(ng);
Cocoa: 76 (6.2)/74.2
(ng);
High flavanol
cocoa/low flavanol
drink
84 d (12 wk); Control: 36 mg 33.6 Control: 124 (5.97)/
128.2 (ng)
Control: 77 (5.0)/79.8
(ng)
Davison
(exercise arm)
[21]; Australia
Parallel; 300 ml drink
mix/d;
902 mg
flavanols;
45.4 yr; 13/13 Cocoa: 126 (10.4)/127.1
(ng);
Cocoa: 78 (8.7)/77.5
(ng);
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Table 1: Characteristics of trials included in the meta-analysis (Continued)
High flavanol
cocoa/low flavanol
drink
84 d (12 wk) Control: 36 mg 33.4 Control: 121 (13.0)/
120.5 (ng)
Control: 74 (5.8)/73.8
(ng)
Shiina et al.
[22]; Japan
Parallel
a
; 45 g/d 550 mg
polyphenols
29.8 yr; 20/19 Cocoa: 116.4 (12.7)/
121.0 (12.7);
Cocoa: 64.7 (11.7)/71.3
(10.8);
Dark/white
chocolate
14 d 22.6 Control: 121.6 (14.9)/
125.6 (11.4)
Control: 72.2 (13.8)/77.4
(11.6)
Ried et al.
(phase 1) [23];
Australia
Parallel; 50 g/d; 750 mg
polyphenols
53.1 yr; 11/10 Cocoa: 135.0 (12.5)/
133.1 (11.7)
c
;
Cocoa: 83.6 (10.6)/84.5
(11.6);
Dark chocolate/
placebo pill
56 d (8 wk) 26.6 Control: 135.7 (12.4)/
130.8 (18.3)
c
Control: 77.8 (8.6)/77.3
(10.0)
Monagas et al.
[24]; Spain
Crossover; 40g/d + 250
skim milk;
control: 500 ml
skim milk
495 mg
polyphenols
69.7 yr; 42/42 Cocoa: 138 (26)/138
(16);
Cocoa: 84 (13)/82 (13);
Cocoa powder in
milk/milk only
28 d 27.6 Control: 138 (26)/135
(24)
Control: 84 (13)/81 (13)
a
7-day cocoa/flavanol-free run-in period.
b
7-day washout period before crossover.
c
Median.
BMI, body mass index; DBP, diastolic blood pressure; g/d, grams per day; mg; milligrams; ml, millilitre; N, number of participants; ng, not given; SBP, systolic
blood pressure; SD, standard deviation; yr, years; wk, weeks
Table 2 Characteristics of trials excluded from the meta-analysis
Trial; location Study design; treatment/
control groups
Dosage;
duration
Active ingredients
per daily dosage
Mean age;
mean BMI
N
treatment/
control
Reason for exclusion
Grassi et al. [19];
Italy
Crossover
a,c
100 g/d 500 mg polyphenols 33.9 yr; 15/15 Same population and protocol
as studied in Grassi et al. [11]
Dark/white chocolate 15 d 22.6
Allen et al. [34],
Erdman et al. [35];
USA
Crossover
b
; 22g/d Not reported 44.7 yr; 44/44 No cocoa-free control group
Chocolate + plant sterols/
chocolate + no plant
sterols
28 d (4 wk) 27.8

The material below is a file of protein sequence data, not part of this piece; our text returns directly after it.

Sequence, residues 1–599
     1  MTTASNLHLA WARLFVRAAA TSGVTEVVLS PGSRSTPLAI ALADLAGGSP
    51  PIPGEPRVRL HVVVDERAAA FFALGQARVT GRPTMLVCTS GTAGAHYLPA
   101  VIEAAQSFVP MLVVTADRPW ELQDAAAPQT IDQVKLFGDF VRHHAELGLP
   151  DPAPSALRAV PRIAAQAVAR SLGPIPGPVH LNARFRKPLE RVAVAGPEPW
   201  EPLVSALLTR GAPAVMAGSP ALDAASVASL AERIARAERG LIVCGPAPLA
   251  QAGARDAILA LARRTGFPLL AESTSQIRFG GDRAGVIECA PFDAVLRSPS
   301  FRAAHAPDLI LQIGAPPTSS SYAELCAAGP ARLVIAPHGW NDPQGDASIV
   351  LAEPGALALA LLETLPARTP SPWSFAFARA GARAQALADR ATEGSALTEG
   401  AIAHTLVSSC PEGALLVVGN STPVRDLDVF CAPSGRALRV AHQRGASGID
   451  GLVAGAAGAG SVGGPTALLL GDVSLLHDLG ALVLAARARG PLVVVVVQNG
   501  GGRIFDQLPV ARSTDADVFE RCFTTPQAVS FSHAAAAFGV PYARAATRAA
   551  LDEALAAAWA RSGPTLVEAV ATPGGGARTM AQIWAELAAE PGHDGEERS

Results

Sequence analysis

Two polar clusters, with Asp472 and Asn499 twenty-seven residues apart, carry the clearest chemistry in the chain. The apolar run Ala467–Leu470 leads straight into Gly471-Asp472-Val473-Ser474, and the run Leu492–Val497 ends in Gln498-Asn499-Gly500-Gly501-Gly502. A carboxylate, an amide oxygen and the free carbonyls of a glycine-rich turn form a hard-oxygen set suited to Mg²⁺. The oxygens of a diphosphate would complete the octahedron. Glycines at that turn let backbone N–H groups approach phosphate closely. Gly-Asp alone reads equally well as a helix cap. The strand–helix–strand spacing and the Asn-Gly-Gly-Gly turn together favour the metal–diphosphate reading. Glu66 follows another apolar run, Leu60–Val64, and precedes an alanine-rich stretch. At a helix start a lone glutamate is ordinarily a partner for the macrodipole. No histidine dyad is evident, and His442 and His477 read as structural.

Balzer et al. [36];
USA
Parallel; 3 drink mix/d 963 mg flavanols; 63.8 yr; 21/20 No mean SBP/DBP (SD) reported
High/low-flavanol drink 30 d (4 wk) control: 75 mg
flavanols
32.1
Faridi et al. [37];
USA
Crossover
a,c
; 74 g bar with
22 g cocoa/d;
821 mg flavanols 53 yr; 44/44 Duration < 2 wk
Dark chocolate/placebo
bar
Single dose, 1
d
30
Ried et al. (phase 2)
[23]; Australia
Crossover
d
; 50 g/d;
control: 1
capsule/d;
750 mg
polyphenols;
53.1 yr; 26/26 Crossover of two active
treatment groups, no true
control group
Dark chocolate/Tomato
extract capsules
56 days (8
wks)
control: tomato
extract (15 mg
lycopene)
26.6
Almoosawi et al.
[38]; UK
Crossover
a,c
; 20 g/d; 1000 mg
polyphenols;
31 yr; 14/14 Two dosages, no true control
group
Dark chocolate dosage 1/
dosage 2
14 days control: 500 mg 27.7
a
7-day cocoa/flavanol-free run-in period.
b
2-week run-in period.
c
7-day washout period before crossover.
d
4-week washout period.
For abbreviations, see Table 1 footnote.
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The 15 trial arms included in our meta-analysis were
adequately randomised; double-blinding was achieved in
five trial arms using low-flavanol-containing products as
control [11,15,20,21]. All but three trial arms [15,22,24]
assessed blood pressure as the primary outcome mea-
sure, and 12 of the 15 trial arms had a participant attri-
tion of less than 20% [10,11,13,15-18,22-24] (Table 3).
Eight trial arms used a parallel study design
[11,15-17,21-23], and seven study arms used a crossover
design [10,12,13,18,20,24]. All but two [12,24] of the
seven crossover trials incorporated a washout period of
7 days between the alternate treatment period. In eight
trials the intervention period was 2 weeks (14 or 15
days) [10-13,18,20,22], while longer intervention periods
were trialled in seven studies (range 4-18 weeks)
[15-17,21,23,24]. Eight trials employed a 7-day run-in